Norwegian Wood

Front Cover
Vintage, 2003 - Japanese fiction - 389 pages
102 Reviews
First American Publication

This stunning and elegiac novel by the author of the internationally acclaimed Wind-Up Bird Chronicle has sold over 4 million copies in Japan and is now available to American audiences for the first time.  It is sure to be a literary event.

Toru, a quiet and preternaturally serious young college student in Tokyo, is devoted to Naoko, a beautiful and introspective young woman, but their mutual passion is marked by the tragic death of their best friend years before.  Toru begins to adapt to campus life and the loneliness and isolation he faces there, but Naoko finds the pressures and responsibilities of life unbearable.  As she retreats further into her own world, Toru finds himself reaching out to others and drawn to a fiercely independent and sexually liberated young woman.

A poignant story of one college student's romantic coming-of-age, Norwegian Wood takes us to that distant place of a young man's first, hopeless, and heroic love.

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Found ti hard to read more than a chapter at a time. - LibraryThing
Premise of book and sanitorium. - LibraryThing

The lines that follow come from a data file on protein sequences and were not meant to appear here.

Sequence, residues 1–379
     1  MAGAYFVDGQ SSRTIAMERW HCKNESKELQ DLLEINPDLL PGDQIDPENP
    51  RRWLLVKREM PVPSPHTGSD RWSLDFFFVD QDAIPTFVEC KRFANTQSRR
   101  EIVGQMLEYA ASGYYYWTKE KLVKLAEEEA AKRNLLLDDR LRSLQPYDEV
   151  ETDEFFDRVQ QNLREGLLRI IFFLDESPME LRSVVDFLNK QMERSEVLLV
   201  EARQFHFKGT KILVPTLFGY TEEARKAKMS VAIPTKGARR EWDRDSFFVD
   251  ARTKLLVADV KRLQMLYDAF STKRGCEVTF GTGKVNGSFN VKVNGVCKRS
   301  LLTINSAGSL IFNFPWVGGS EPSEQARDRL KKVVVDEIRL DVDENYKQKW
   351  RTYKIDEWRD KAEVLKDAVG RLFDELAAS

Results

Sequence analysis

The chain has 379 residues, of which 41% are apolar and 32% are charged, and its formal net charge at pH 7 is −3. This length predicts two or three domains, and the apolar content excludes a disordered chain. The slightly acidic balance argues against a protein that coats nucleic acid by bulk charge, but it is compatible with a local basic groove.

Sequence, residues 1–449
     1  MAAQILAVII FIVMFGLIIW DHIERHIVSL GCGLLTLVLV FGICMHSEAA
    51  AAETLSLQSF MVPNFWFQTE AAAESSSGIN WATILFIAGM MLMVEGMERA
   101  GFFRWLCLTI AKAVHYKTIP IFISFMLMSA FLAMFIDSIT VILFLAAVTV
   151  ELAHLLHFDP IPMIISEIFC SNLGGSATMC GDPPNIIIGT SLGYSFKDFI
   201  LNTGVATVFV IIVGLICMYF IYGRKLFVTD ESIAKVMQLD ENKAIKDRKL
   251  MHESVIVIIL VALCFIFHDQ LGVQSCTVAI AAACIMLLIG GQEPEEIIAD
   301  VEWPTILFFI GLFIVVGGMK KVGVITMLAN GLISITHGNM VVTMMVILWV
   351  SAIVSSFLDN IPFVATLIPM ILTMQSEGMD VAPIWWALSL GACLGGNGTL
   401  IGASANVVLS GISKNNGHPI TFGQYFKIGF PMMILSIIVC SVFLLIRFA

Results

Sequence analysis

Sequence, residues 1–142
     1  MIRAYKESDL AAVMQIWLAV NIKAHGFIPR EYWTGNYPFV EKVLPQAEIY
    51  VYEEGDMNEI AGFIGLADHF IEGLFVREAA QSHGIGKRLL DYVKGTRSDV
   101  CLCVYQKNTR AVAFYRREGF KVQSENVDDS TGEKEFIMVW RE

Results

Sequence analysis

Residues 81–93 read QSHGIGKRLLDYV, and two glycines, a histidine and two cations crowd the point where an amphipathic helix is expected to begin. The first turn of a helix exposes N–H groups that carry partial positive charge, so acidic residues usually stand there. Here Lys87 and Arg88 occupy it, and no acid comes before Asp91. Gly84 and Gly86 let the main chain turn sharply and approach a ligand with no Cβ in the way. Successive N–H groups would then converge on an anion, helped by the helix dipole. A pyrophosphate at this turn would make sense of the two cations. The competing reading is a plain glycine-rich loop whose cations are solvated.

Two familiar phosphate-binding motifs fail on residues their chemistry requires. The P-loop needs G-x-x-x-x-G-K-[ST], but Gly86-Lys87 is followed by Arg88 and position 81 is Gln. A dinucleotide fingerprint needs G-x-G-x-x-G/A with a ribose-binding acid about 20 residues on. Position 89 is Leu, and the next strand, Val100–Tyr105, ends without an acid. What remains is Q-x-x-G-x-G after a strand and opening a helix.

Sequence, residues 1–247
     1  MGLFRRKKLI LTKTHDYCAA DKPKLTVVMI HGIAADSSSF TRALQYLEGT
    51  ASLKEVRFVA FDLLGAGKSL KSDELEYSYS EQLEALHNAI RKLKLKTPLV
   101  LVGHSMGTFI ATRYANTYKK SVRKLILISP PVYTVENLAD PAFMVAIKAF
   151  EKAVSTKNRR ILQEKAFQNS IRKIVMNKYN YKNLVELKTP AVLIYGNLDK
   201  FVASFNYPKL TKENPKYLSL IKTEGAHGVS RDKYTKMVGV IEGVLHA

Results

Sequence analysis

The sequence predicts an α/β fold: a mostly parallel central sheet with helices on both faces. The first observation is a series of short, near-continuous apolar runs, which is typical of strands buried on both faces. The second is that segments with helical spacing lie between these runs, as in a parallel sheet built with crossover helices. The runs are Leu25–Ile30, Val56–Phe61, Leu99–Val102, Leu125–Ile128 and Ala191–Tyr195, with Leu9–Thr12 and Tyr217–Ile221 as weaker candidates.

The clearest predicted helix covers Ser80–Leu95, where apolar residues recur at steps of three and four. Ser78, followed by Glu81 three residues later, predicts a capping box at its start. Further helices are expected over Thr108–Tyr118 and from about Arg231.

Perhaps the country doesn't value writing. - LibraryThing
Murakami's writing translates well. - LibraryThing

LibraryThing Review

User Review  - kchung_kaching - LibraryThing

My foray into Murakami. My little sister said it changed her life...I'm inclined to agree. It was the catalyst for my interest in reading emotionally unstable characters. Read full review

LibraryThing Review

User Review  - xuebi - LibraryThing

Norwegian Wood is unlike most books by Haruki Murakami in that it deals less with the noticeably odd and instead is concerned with a coming-of-age story. The main character, Toru, is at university in ... Read full review

About the author (2003)

Haruki Murakami was born in Kyoto in 1949 and now lives near Tokyo. He is the author of many novels as well as short stories and non-fiction. His works include Norwegian Wood, The Wind-Up Bird Chronicle, Kafka on the Shore, After Dark and What I Talk About When I Talk About Running. His work has been translated into more than forty languages, and the most recent of his many international honours is the Jerusalem Prize, whose previous recipients include J.M. Coetzee, Milan Kundera, and V.S. Naipaul.

Bibliographic information